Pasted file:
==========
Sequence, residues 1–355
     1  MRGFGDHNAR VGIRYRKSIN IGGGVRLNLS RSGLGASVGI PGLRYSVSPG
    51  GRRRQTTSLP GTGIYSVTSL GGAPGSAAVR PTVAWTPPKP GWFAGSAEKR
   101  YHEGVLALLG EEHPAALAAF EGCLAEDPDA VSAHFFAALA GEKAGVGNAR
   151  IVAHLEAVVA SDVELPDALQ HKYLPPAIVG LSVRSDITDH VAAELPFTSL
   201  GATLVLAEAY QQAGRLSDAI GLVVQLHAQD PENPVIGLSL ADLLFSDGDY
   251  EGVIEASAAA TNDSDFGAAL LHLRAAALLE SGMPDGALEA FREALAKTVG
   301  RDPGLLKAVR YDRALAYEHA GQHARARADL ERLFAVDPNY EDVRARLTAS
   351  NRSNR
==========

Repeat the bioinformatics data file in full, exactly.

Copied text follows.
Sequence, residues 1–355
     1  MRGFGDHNAR VGIRYRKSIN IGGGVRLNLS RSGLGASVGI PGLRYSVSPG
    51  GRRRQTTSLP GTGIYSVTSL GGAPGSAAVR PTVAWTPPKP GWFAGSAEKR
   101  YHEGVLALLG EEHPAALAAF EGCLAEDPDA VSAHFFAALA GEKAGVGNAR
   151  IVAHLEAVVA SDVELPDALQ HKYLPPAIVG LSVRSDITDH VAAELPFTSL
   201  GATLVLAEAY QQAGRLSDAI GLVVQLHAQD PENPVIGLSL ADLLFSDGDY
   251  EGVIEASAAA TNDSDFGAAL LHLRAAALLE SGMPDGALEA FREALAKTVG
   301  RDPGLLKAVR YDRALAYEHA GQHARARADL ERLFAVDPNY EDVRARLTAS
   351  NRSNR